Silver Jews: Lookout Mountain, Lookout Sea

Music Reviews Silver Jews
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Silver Jews: Lookout Mountain, Lookout Sea

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Though chief semite David Berman sounds less electrified—and more gentrified—than usual on Lookout Mountain, Lookout Sea, he’s the rare songwriter who’s better for it.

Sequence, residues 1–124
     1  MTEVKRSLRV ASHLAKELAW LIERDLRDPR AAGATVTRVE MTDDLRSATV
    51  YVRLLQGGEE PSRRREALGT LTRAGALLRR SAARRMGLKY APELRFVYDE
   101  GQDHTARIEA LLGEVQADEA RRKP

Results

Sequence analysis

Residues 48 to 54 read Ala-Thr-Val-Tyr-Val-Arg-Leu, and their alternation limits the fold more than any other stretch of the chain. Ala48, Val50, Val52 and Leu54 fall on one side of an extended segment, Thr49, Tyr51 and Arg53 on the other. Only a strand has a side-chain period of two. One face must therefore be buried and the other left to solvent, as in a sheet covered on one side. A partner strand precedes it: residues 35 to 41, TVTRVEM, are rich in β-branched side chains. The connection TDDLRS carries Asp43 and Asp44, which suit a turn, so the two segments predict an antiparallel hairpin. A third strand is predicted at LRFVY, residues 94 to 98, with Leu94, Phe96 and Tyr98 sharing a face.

Relying on elliptical truisms (“What is Not But Could Be If”), pleasingly surreal non-rhymes (“peppermint bars” and ”marshmallow walls” on “Candy Jail”), and sad phrases twisted gently (“she went her way, and I went his,” on “San Francisco B.C.”), Berman serves hooks with the vague ghosts of country twang. Delivering in a droll drawl, he plays the wryly omniscient narrator, building small stories. “True love doesn’t come around any more than fate allows on a Monday in Fort Lauderdale,” he declares on “Candy Jail”—probably a fair assessment. The album brims with shaggy-dog tales (“Aloysius, Bluegrass Drummer”), highly ponderable phrases, and the occasional glorious bridge (“Strange Victory, Strange Defeat”). As a vehicle for Berman’s words, just as much as a follow-up to his 1999 poetry collection Actual Air would be, Lookout Mountain is a volume to be consumed in one’s own time, filed on the shelf, and eventually taught in seminars as an example of form and poise.